Nearly 10 years ago now, I was responsible for customer training for a new piece of equipment we had produced. (Actually, I assumed responsibility about 1/2 way through the project.) After training our first customer, I sat down with the training crew to see how we could make the next session better, as I had seen and heard some things that weren’t correct, or could be better.
Our training vendor politely informed me that the training material was what it was, and it couldn’t be changed after it had been approved. In fact, they seemed shocked that I even brought the idea up, as if it were some sort of training community heresy. I was not, and am not, a “training person” so the attitude was a bit surprising to me.
“What do you mean, you don’t want to make your training product progressively better as you learn more about it” was what was going through my mind. (In fact, I went to my project manager and told him he needed to fire the training vendor we had and get someone who “knew what they were doing.”) I’ve since learned that this was not an isolated incident; on the contrary it seemed to be the standard.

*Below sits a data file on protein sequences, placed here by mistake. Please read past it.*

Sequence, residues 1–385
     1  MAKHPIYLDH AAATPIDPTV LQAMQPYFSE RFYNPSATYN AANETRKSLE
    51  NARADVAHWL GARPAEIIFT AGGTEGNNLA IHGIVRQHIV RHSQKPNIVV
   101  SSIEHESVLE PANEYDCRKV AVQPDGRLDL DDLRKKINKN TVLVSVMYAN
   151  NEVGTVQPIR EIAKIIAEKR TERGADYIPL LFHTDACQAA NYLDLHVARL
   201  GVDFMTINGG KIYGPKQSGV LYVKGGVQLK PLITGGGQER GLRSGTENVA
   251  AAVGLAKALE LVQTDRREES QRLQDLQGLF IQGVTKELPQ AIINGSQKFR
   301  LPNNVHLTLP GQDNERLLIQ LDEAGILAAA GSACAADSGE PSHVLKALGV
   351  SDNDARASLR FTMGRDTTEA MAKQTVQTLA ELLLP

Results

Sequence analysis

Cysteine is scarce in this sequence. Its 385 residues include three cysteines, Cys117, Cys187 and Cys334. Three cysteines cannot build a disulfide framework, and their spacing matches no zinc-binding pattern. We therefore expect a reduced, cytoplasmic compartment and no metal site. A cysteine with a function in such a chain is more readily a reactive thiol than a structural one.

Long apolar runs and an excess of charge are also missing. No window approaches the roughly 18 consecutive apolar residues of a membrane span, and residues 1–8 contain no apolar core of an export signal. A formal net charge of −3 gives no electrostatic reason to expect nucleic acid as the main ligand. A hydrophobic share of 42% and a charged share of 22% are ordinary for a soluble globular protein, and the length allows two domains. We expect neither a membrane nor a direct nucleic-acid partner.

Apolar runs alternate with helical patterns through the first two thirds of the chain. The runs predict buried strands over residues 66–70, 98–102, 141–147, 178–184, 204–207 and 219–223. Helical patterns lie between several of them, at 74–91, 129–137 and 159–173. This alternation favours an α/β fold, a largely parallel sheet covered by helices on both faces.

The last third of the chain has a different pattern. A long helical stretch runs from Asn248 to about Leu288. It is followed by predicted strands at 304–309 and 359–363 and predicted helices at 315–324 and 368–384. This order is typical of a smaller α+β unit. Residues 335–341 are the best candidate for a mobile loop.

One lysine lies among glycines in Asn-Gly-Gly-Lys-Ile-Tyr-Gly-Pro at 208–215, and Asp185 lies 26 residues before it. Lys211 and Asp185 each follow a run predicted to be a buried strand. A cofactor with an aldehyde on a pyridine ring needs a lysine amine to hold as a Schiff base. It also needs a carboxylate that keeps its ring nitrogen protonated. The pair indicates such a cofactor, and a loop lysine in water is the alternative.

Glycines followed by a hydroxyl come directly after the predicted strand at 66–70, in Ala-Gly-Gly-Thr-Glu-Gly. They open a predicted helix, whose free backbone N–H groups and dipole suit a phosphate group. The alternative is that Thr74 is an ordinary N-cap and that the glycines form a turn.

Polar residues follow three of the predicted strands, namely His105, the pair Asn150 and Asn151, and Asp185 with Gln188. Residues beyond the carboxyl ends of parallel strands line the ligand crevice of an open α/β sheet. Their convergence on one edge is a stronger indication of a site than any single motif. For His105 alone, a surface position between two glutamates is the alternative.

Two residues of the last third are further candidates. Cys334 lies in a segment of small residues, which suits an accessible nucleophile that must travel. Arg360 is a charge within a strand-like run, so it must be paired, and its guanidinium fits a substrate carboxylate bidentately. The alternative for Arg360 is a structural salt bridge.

In a post today titled Learning content should be hackable, Harold Jarche makes the case for content developers to take a lesson from what’s going on in the rest of the digital world.
However, there is one principle that is not taught or followed in instructional design that would really reflect the nature of the Web. There should be a principle of making learning content hackable, so that it can change with the times, the needs of instructors or learners. Licenses such as CC-By-NC would allow remixing. Perhaps we need a special “CC-Education Remix” license.
Anyway, if you want your content to live a long, healthy and even diverse life; make it easier to hack.
Good advice for any content developer, but especially for learning content developers.